Peter Gammons Isn't Serious
Peter Gammons isn't serious. Ten baseball playoff teams? Because the pennant races aren't exciting this year he suggests adding two more teams and beginning the season earlier and lengthening the post-season further. Even the Academy of Motion Picture Arts & Sciences (AMPAS) isn't this stupid. At least they waited five years through a disconnect between popular pictures and nominated pictures before deciding to ruin 60 years of tradition by expanding the nominated pictures to 10—with the hope of somehow capturing a popular picture along the way. Gammons and others are suffering through one September without a legit pennant race (c'mon Twins!) and they want to mess with the whole works.
Or do they? Gammons writes:
I agree with Brewers general manager Doug Melvin, who says, "Most general managers don't want it watered down like the NHL or NBA. Not many are wild about the idea."
Oh. So what's the column about then? The answer comes a short paragraph later:
But why not think about having two wild-card teams per league? For instance, in what might be an aberrational season, the Giants, Marlins, Braves and Cubs would be within 2½ games of that NL spot right now.
"I agree with those who aren't wild about the idea...but why not think about the idea?" Nice.
The AMPAS analogy is apt. The Academy is fixing something that isn't broken (the five slots) because of something that is (disconnect between nominated and popular pictures). Gammons wants to exacerbate an exisiting problem (too many playoff teams for a 162-game season), because of, and while ignoring, its biggest problem: the disparity between the "have" teams (the Yankees), the "have some" teams (BoSox, Mets, Dodgers, Cubs) and all of those "have not" teams (most everyone else, especially the Pirates, A's, Twins, Marlins).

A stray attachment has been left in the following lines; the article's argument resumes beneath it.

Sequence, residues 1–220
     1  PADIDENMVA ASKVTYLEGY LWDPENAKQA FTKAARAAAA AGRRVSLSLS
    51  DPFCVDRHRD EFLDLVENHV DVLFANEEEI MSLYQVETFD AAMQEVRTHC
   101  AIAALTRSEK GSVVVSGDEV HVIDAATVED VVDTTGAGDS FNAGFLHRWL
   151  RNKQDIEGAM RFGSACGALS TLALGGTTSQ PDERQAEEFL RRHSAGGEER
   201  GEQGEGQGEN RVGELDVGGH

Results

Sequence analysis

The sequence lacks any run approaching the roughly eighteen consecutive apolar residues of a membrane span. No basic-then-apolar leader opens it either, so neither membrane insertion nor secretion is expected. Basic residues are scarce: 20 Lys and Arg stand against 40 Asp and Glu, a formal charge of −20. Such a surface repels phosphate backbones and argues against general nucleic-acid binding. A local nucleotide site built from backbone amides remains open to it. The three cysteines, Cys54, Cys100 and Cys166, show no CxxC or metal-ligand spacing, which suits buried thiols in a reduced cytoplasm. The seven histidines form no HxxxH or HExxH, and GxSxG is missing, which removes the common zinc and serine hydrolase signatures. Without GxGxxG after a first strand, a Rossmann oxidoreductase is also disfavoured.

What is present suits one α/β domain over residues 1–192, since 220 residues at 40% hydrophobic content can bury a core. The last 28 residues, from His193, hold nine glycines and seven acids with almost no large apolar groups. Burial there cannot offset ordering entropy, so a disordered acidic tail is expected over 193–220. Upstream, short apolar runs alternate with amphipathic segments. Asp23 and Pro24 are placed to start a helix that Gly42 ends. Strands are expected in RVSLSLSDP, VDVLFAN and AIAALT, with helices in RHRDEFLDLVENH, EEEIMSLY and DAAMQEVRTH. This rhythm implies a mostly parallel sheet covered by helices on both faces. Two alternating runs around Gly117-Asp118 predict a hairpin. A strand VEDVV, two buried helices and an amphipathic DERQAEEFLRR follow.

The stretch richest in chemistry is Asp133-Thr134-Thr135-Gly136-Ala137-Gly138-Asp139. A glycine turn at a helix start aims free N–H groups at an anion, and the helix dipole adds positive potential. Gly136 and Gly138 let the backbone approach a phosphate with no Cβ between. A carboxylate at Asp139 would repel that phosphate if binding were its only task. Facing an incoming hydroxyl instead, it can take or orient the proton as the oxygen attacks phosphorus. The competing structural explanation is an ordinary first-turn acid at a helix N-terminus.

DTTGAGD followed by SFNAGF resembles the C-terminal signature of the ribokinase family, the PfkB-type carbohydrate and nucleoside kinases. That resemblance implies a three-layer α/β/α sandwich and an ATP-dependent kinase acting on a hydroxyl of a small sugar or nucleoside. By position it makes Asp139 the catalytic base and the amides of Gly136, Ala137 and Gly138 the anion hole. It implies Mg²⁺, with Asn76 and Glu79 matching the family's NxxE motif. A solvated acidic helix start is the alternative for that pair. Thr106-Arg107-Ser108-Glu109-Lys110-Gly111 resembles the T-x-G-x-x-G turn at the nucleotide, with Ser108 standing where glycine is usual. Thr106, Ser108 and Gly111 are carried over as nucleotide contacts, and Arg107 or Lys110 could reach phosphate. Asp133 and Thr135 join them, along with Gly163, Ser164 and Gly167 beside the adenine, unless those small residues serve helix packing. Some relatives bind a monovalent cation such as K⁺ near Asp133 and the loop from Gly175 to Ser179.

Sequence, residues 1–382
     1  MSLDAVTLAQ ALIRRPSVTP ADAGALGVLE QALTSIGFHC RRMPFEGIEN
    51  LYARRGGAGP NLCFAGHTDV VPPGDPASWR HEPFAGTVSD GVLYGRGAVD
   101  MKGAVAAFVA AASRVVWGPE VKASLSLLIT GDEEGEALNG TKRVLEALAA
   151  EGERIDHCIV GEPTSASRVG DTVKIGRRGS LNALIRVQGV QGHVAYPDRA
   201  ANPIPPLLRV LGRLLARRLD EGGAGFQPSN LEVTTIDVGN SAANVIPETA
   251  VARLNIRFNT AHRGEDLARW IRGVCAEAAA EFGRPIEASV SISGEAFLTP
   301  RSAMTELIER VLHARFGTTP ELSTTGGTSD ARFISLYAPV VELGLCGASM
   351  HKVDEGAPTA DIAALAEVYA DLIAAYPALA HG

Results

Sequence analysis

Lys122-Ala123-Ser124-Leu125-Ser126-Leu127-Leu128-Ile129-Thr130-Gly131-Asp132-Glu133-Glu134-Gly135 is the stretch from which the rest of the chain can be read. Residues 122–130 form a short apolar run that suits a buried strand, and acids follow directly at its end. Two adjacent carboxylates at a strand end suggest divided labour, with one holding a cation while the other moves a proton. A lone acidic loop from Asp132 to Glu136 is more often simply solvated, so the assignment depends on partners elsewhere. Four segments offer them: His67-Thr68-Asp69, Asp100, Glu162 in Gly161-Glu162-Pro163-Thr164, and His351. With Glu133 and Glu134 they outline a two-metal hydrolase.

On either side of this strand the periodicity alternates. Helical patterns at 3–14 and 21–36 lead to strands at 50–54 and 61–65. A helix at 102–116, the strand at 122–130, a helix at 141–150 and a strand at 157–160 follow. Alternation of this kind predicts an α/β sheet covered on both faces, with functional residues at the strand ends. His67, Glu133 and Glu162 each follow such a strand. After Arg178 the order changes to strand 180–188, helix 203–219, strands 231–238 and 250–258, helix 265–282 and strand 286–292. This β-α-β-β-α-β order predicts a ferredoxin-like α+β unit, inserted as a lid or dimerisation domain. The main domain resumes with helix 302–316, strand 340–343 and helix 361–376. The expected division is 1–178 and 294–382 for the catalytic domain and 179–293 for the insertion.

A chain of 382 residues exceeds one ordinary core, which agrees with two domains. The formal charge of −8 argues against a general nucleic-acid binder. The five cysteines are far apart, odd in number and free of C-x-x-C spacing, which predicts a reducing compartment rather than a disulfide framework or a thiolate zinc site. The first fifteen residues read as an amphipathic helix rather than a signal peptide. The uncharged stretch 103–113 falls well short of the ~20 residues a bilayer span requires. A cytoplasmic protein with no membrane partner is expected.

You want to fix baseball, you need to fix this.
You can't fix this? Here's a suggestion to make September easier to remember: Move the trade deadline up to Opening Day. The disparity between teams deepens as the season progresses because contending teams trade for while non-contending teams trade away. The good (and rich) get better; the bad (and poor) get worse. And there go the pennant races.
But would the downside for this be too much of a downside? Sometimes I like that late-July interplay between short-term gain (for the haves) and long-term gain (for the have-nots). Except, of course, the haves keep on having while the Pirates and Royals keep on notting. I'd give it a shot.
In the meantime, to honor Major League Baseball, would you please rise for the playing of our Leonard Cohen anthem:
Everybody knows that the dice are loaded
Everybody rolls with their fingers crossed
Everybody knows that the war is over
Everybody knows the good guys lost
Everybody knows the fight is fixed
The poor stay poor while the rich get rich
Thats how it goes